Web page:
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Article
Publication date: 1 April 2006

Mark McKenzie and Kenneth L. Bryant

Sets out to examine the dangers of money laundering as a consequence of natural disasters.

Abstract

Purpose

Sets out to examine the dangers of money laundering as a consequence of natural disasters.

Design/methodology/approach

Lists the potential abuses and scans to which unscrupulous manipulators will resort in order to profit from natural disasters.

Findings

Finds that criminal groups have established networks and sophisticated technology to effectively carry out their activities.

Originality/value

This is a detailed and eye‐opening revelation of the various criminal opportunities for money laundering spawned by natural disasters.

Details

Journal of Money Laundering Control, vol. 9 no. 2
Type: Research Article
ISSN: 1368-5201

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Article
Publication date: 3 October 2016

Charles P. Cullinan, Lois S. Mahoney and Pamela Roush

This paper examines whether shareholders consider corporate social responsibility (CSR) performance when voting on corporate governance change proposals submitted by…

Abstract

Purpose

This paper examines whether shareholders consider corporate social responsibility (CSR) performance when voting on corporate governance change proposals submitted by dissident shareholders. These proposals recommend changes to the corporate governance status quo and are made by dissident shareholders who are dissatisfied with the company’s existing governance practices.

Design/methodology/approach

Using 195 governance change proposals voted on during 2013, the paper examines the relationship between CSR performance (obtained from the MSCI database) and the level of voting support for these proposals.

Findings

This study finds that shareholder support for corporate governance change proposals submitted by dissident shareholders is positively related to firms’ CSR concerns, especially environmental concerns.

Research limitations/implications

The findings suggest that shareholders may be concerned with the potentially adverse effects of weak CSR performance, especially poor environmental performance, and may support changes to corporate governance structures when a company’s CSR and environmental performance is weaker.

Originality/value

As the first research to examine the relationship between CSR and proposed changes to corporate governance, this study provides unique insights into shareholder perceptions of the value of CSR based on shareholders’ support (or lack thereof) for governance changes proposed by dissident shareholders.

Details

Social Responsibility Journal, vol. 12 no. 4
Type: Research Article
ISSN: 1747-1117

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Abstract

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Handbook of Transport Geography and Spatial Systems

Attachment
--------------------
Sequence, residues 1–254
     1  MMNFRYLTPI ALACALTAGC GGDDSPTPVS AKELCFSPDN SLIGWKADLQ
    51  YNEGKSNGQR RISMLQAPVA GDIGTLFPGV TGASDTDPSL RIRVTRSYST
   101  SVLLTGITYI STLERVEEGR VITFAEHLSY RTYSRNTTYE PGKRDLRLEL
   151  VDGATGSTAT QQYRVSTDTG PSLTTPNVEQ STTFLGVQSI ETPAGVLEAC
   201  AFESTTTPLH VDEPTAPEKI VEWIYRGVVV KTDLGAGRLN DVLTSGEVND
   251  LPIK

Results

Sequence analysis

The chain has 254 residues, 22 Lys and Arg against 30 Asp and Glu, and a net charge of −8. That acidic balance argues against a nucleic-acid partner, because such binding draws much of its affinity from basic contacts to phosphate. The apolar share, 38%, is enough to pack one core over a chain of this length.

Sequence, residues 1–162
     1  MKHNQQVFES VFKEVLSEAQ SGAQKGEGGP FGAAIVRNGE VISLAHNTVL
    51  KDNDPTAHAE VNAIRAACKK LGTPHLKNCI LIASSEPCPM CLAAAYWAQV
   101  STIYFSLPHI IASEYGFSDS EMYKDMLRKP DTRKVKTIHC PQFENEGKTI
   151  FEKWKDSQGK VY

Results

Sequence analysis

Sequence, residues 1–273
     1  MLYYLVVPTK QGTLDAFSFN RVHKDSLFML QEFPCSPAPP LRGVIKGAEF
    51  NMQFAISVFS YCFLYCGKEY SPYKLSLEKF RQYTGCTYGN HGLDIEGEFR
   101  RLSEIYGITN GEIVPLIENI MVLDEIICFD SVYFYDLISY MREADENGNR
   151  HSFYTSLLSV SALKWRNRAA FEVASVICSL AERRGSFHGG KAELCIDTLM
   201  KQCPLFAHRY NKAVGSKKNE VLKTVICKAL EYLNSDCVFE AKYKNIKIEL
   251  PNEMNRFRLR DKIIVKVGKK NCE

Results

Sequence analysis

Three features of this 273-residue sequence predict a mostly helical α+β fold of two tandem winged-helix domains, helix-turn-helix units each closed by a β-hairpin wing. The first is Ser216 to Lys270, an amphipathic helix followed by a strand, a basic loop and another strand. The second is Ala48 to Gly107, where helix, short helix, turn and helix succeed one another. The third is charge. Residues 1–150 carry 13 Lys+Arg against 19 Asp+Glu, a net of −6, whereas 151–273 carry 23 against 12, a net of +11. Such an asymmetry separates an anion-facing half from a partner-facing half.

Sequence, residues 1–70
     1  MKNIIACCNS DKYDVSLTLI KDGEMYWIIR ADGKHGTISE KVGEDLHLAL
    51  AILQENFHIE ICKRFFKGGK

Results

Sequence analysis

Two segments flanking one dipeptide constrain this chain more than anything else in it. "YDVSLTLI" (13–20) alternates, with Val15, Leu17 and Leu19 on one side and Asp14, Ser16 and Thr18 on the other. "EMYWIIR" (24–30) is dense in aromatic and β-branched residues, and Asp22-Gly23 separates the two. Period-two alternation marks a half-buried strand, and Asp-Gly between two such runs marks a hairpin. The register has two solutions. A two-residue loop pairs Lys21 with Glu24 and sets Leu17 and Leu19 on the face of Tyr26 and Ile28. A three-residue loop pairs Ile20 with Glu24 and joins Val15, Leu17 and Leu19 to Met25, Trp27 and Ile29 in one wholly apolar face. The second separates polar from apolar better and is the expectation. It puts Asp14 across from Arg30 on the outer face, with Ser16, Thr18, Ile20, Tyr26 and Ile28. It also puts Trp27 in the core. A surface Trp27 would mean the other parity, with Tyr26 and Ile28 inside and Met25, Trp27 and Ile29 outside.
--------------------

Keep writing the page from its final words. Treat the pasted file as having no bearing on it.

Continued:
Type: Book
ISBN: 978-1-615-83253-8

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Article
Publication date: 1 April 2003

Georgios I. Zekos

Aim of the present monograph is the economic analysis of the role of MNEs regarding globalisation and digital economy and in parallel there is a reference and examination…

Abstract

Aim of the present monograph is the economic analysis of the role of MNEs regarding globalisation and digital economy and in parallel there is a reference and examination of some legal aspects concerning MNEs, cyberspace and e‐commerce as the means of expression of the digital economy. The whole effort of the author is focused on the examination of various aspects of MNEs and their impact upon globalisation and vice versa and how and if we are moving towards a global digital economy.

Details

Managerial Law, vol. 45 no. 1/2
Type: Research Article
ISSN: 0309-0558

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Book part
Publication date: 27 October 2016

Alexandra L. Ferrentino, Meghan L. Maliga, Richard A. Bernardi and Susan M. Bosco

This research provides accounting-ethics authors and administrators with a benchmark for accounting-ethics research. While Bernardi and Bean (2010) considered publications…

Abstract

This research provides accounting-ethics authors and administrators with a benchmark for accounting-ethics research. While Bernardi and Bean (2010) considered publications in business-ethics and accounting’s top-40 journals this study considers research in eight accounting-ethics and public-interest journals, as well as, 34 business-ethics journals. We analyzed the contents of our 42 journals for the 25-year period between 1991 through 2015. This research documents the continued growth (Bernardi & Bean, 2007) of accounting-ethics research in both accounting-ethics and business-ethics journals. We provide data on the top-10 ethics authors in each doctoral year group, the top-50 ethics authors over the most recent 10, 20, and 25 years, and a distribution among ethics scholars for these periods. For the 25-year timeframe, our data indicate that only 665 (274) of the 5,125 accounting PhDs/DBAs (13.0% and 5.4% respectively) in Canada and the United States had authored or co-authored one (more than one) ethics article.